Petition of Simon Porridge and other Chappaquiddick Indians to the Massachusetts General Court
Edgartown (Chappaquiddick) is a Town in Dukes County, Massachusetts, in the territorial homeland of the Wampanoag. It was settled by English colonists under the direction of Thomas Mayhew, Jr. in 1642 as Great Harbor and incorporated with the name Edgartown in 1671.
Edgartown was the site of three Christian Indian settlements. Chappaquiddick was the site of the earliest Christian Indian church in Massachusetts, established by Mayhew in 1659. An Indian Praying Town of Nunnepoage existed by 1698, with another at Nashamoiess at the southern end of Edgartown starting two years later. Wikipedia. Weis, The New England Company, 162-163.
Native Place Names
- Katama is a bay and a point of land jutting into it near Edgartown. D-LM
- Mattakeset D-LM
- Nashamoless "He is beloved of the Spirit" Weis, The New England Company, 162
- Poge "place of shelter"
- Nunnepoag is a pond in Edgartown. It is also the name of a Praying Indian community. D-LM
- Sanchecantacket D-LM
- Waqua is a point of land in Edgartown. D-LM
The Chappaquiddick people are asking that Patentees and other land purchasers be responsible for constructing and maintaining the fence(s) that divides Indian and non-Indian lands, as enacted by law in 1789, https://archives.lib.state.ma.us/actsResolves/1788/1788acts0035.pdf. Because a considerable part of the fence(s) hadn’t been built according to law, animals belonging to the White people trespass and destroy their crops. The Natives have complained about this to the guardians, who tell them they have nothing to do with it and to impound the animals. The Native people do not want to impound the animals, concerned that it would lead to further disputes.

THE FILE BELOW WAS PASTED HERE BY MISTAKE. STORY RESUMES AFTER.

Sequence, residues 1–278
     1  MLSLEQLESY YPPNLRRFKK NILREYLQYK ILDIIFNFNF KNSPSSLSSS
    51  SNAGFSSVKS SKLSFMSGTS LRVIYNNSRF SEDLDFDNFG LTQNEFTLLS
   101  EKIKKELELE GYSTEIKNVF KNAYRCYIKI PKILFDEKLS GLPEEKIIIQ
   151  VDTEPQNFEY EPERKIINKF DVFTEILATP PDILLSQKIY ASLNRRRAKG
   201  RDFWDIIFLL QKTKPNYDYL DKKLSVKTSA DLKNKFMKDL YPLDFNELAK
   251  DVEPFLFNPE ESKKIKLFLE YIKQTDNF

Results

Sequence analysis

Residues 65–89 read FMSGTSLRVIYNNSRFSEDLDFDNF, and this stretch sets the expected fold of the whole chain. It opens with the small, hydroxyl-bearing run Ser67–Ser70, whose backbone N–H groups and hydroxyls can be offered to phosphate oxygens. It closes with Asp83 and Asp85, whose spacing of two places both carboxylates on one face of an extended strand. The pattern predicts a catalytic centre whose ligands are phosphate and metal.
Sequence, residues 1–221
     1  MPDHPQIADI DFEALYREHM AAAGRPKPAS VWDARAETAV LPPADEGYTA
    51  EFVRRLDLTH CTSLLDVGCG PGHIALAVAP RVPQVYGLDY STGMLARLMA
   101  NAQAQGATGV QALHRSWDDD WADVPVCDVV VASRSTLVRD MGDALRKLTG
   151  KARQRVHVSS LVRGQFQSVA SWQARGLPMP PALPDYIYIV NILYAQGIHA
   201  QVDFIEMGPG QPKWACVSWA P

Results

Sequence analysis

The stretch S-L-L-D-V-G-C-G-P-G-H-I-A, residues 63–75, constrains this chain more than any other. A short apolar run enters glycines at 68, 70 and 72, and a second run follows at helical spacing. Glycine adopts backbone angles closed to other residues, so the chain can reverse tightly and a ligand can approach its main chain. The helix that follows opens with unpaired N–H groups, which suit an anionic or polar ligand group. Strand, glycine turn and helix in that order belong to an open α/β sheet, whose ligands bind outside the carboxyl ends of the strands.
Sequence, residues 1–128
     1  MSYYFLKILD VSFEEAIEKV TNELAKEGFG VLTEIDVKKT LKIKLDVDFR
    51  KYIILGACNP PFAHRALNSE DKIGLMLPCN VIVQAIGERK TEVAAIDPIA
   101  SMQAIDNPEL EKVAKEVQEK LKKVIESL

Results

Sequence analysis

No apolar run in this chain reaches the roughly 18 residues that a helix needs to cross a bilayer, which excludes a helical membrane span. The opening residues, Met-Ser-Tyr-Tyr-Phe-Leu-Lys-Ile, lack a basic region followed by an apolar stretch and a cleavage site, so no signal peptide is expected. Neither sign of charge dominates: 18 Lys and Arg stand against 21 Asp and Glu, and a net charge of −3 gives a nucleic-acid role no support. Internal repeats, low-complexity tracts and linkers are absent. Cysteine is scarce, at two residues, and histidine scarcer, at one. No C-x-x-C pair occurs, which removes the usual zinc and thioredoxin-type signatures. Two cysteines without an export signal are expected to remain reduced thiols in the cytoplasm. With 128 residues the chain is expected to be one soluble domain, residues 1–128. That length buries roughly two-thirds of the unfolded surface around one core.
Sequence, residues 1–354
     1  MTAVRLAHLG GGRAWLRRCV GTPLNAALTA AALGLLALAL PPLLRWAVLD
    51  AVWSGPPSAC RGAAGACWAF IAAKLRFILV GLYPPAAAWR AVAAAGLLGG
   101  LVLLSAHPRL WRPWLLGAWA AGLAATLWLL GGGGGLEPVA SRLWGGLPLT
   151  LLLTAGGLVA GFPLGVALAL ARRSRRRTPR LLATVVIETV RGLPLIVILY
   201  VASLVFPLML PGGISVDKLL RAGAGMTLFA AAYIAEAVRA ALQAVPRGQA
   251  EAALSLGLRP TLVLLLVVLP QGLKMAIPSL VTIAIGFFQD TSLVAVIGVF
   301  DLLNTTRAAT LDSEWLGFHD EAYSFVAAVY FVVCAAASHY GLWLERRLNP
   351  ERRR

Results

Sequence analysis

The Chappaquiddick people remind the Massachusetts General Court that were “born free and never lost their liberty by conquest or delegated their natural rights to any power on earth”. They consider themselves in a state of vassalage in “this Land of Liberty”, while oppressed Africans who were “torn from their parent country” find asylum here, are emancipated and have freedoms that the Native people and their descendants don’t have. The Chappaquiddick people believe that it is their “natural and unalienable right” to have civil liberty consistent with the rights of men under the Constitution. If they must be subject to guardianship, they want to be free to choose someone to act in their best interest and ensure the fence(s) is erected and maintained to prevent animals from destroying their land.
On the date the petition was filed, Joseph and Cornelius Huxford testified that they witnessed on two occasions in October 1795, Simon Porridge and Samuel Peters (two Black Chappaquiddick inhabitants) ask the Guardians to build the fence according to law, and witnessed the Guardians saying that they were not going to erect the fence because there was no law obligating them to do so. The Huxfords state that the part of the fence that is up is unlawful, in that it is incomplete and they have seen animals belonging to White people grazing on Indian land.